Bullfrog Beer

Bullfrog beer was one of five labels produced by the Monarch Brewing Company of Chicago. The brewery was founded in 1890 as Josef Hladovec Brewing Co, and renamed as Monarch two years later.

When Monarch entered the beer business, there was a serious price war going on in the city. The owners already had ownership of a distillery and wanted to expand into brewing, and they immediately entered the price war by releasing their beer at the bargain price of $4 per barrel – half of the going price!

Bullfrog Beer in particular remained known for its low price. However, along with that cheap price also came a cheap taste. Stories abound from people who remember buying the beer because it was all they could afford. It was popular among the college crowd and those who just wanted a buzz. It was produced from 1916 through Monarch’s closure, but interestingly enough was only part of their canning line in the late 1950s.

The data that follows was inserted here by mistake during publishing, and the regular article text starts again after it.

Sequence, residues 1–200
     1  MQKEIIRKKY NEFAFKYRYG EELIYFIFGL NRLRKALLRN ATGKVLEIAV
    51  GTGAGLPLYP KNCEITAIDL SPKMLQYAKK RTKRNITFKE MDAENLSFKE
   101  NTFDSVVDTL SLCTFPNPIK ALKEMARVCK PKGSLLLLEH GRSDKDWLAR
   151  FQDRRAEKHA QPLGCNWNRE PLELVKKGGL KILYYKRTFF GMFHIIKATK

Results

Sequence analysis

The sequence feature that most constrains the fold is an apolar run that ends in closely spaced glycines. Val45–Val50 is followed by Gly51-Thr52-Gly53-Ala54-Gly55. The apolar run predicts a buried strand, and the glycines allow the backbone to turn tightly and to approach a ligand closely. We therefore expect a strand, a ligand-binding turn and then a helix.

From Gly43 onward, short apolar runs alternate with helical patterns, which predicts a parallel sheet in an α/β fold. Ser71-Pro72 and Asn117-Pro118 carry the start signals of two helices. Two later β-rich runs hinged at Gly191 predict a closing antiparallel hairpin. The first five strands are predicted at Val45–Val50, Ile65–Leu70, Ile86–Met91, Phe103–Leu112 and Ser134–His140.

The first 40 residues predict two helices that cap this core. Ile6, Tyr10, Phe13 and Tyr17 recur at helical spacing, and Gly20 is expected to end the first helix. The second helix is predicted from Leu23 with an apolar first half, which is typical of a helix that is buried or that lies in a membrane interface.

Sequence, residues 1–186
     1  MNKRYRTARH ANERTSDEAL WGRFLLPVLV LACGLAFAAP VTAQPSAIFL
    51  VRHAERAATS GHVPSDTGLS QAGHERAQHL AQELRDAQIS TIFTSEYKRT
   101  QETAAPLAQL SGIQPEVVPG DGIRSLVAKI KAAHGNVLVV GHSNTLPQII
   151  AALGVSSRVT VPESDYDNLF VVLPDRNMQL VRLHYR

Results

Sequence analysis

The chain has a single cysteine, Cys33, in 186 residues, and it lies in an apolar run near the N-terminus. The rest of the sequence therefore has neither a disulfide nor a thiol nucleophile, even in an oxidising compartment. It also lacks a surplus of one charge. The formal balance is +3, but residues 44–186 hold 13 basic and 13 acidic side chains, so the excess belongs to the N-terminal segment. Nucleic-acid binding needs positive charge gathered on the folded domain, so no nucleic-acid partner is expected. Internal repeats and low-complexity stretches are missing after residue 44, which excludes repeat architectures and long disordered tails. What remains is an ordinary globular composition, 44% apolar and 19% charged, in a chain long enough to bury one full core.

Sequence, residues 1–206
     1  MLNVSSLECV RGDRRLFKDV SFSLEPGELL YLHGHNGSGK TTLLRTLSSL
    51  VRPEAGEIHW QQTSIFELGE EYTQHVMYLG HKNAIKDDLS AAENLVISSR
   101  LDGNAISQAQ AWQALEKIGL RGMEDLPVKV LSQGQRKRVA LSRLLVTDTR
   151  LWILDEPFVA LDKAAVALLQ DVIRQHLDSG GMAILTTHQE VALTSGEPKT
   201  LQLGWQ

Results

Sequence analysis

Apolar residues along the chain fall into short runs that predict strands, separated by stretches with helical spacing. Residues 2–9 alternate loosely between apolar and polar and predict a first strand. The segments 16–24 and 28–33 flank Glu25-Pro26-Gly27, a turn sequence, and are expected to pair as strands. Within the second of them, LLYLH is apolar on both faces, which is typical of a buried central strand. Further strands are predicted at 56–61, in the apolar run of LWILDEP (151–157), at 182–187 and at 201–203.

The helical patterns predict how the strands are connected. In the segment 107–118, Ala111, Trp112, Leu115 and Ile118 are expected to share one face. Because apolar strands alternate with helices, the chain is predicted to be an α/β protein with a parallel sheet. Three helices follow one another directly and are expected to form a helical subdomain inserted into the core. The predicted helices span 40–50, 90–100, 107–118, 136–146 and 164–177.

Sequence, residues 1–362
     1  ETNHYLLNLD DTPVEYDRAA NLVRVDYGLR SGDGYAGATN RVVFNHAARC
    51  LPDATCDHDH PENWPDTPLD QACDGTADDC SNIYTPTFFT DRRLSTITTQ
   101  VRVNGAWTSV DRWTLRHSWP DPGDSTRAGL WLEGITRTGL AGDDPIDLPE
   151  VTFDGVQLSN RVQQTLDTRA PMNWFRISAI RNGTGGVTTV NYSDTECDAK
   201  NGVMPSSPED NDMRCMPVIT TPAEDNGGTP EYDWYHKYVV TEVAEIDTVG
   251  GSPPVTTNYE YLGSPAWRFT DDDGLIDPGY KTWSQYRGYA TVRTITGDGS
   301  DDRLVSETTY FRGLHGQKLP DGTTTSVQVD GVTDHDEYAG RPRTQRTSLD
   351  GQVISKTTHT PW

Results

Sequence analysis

Monarch was one of Chicago’s longest lasting breweries and one of a few to survive Prohibition, which it did by producing soda, near beer and Bullfrog “Beverage”. It is believed that some of the beer may have left as near beer but was injected with alcohol at its destination. It didn’t have nearly the same taste, but at least it had some kick.

The brewery remained in business until 1958 when it became Bohemian Brewing, which operated until 1967. Unfortunately, all that remains today of this piece of Chicago’s brewing history is the former warehouse and shipping building.